For many years it was believed that Beethoven's Piano Sonata No 21 in C was named after one of his patrons. It is true that Beethoven did dedicate the work to Count Ferdinand Ernst Gabriel von Waldstein of Vienna, but it acquired its popular name for quite a different reason.
The composer had a very dear friend called Mr Waldstein. They had both studied counterpoint with Johann Albrechtsberger in 1795 and kept up a relationship by correspondence for some years. By 1804, however, Beethoven had started to make a name for himself while his friend's career had faltered, and, perhaps through jealousy, Waldstein had stopped replying to Beethoven's letters. This hurt Beethoven deeply, and in the sonata he wrote in that year he included a coded message in the first movement, intended as a gentle reminder.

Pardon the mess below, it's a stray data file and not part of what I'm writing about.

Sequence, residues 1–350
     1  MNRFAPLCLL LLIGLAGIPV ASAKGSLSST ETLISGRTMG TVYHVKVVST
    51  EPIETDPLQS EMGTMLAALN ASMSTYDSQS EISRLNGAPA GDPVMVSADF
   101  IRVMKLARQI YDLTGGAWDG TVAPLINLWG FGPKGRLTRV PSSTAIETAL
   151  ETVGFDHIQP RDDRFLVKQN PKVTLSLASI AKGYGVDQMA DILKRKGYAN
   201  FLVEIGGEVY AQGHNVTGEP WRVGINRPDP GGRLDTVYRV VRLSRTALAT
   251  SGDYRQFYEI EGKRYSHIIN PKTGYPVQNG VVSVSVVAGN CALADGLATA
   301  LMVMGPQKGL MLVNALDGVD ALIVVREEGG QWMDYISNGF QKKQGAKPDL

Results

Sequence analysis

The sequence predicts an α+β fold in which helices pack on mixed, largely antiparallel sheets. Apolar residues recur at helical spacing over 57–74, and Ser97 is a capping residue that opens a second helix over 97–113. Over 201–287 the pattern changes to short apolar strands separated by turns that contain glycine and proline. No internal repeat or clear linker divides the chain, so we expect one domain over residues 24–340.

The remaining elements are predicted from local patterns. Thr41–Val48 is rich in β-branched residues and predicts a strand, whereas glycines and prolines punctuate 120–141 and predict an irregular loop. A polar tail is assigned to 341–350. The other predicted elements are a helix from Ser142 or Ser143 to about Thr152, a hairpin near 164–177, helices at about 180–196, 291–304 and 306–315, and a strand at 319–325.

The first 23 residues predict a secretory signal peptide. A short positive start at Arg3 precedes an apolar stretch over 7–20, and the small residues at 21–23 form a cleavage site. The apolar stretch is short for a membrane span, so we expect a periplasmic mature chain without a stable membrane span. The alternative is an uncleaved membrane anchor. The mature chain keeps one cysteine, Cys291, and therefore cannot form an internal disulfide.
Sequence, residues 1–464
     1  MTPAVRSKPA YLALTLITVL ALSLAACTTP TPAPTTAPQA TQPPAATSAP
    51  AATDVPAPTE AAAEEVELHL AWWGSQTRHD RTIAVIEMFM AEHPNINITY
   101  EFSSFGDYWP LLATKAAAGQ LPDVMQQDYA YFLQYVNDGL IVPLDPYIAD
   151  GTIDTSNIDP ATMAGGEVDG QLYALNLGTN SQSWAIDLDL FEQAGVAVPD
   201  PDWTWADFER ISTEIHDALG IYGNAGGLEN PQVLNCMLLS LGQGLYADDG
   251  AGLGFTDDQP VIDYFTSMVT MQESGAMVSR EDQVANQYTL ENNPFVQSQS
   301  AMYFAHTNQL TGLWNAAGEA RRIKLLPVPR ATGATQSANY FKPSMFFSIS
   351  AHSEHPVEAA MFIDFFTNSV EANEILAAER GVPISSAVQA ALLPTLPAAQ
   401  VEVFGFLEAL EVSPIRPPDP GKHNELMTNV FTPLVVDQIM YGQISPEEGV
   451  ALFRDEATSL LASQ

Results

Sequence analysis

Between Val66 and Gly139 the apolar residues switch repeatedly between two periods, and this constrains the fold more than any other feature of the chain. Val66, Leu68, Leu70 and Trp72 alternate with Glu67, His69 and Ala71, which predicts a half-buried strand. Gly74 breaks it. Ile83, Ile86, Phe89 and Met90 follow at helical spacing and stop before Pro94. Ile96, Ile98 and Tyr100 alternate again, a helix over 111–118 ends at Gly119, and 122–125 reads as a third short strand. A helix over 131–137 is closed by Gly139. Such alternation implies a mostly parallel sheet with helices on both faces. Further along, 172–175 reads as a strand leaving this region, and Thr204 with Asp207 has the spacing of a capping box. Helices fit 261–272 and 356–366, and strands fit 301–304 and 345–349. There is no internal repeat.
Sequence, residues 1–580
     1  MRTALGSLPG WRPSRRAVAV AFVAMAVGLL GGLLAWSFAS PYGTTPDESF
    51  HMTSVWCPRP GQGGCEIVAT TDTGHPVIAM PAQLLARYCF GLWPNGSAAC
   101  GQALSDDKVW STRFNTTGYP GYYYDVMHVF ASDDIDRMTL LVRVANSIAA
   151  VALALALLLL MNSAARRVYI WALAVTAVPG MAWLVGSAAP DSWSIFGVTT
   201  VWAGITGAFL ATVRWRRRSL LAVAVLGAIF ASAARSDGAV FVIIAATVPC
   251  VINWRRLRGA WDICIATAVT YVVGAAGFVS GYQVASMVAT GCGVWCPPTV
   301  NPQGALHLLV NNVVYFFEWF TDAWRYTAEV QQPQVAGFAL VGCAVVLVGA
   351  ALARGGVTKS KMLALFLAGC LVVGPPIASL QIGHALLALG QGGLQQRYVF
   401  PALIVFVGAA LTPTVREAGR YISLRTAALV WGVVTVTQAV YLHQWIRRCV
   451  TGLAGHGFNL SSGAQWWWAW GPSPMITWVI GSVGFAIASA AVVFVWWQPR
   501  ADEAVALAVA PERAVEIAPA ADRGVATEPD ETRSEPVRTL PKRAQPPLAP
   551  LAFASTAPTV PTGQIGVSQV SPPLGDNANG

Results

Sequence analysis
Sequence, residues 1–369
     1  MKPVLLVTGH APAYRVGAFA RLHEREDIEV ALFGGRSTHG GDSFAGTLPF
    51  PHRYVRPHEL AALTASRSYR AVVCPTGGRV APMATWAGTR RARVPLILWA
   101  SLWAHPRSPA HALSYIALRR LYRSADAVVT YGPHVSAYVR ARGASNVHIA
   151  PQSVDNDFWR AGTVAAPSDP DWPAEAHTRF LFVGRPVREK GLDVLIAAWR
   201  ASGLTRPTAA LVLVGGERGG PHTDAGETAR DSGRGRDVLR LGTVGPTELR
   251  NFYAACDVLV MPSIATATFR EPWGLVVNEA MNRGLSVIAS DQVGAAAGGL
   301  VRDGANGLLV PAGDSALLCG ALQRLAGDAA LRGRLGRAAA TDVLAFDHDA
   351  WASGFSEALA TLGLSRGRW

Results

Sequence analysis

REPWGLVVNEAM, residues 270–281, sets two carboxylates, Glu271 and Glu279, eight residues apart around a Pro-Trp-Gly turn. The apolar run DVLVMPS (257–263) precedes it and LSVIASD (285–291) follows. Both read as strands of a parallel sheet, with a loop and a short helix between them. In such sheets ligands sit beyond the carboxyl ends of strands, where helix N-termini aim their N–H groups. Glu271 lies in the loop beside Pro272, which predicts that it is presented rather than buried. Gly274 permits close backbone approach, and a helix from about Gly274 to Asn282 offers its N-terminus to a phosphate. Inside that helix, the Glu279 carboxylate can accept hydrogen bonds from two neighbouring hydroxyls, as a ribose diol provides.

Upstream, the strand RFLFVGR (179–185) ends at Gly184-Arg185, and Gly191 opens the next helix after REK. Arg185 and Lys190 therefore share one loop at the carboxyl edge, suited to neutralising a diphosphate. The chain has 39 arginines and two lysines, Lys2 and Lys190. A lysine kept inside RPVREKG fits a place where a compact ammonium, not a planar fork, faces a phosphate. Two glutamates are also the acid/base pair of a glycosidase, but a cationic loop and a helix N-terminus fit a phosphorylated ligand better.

It was a plaintive melody, GFEDC, DEFGF, and it meant "Oh, Mr Waldstein, why don't you ring me?"
Sadly, there is no record of him ever getting a response.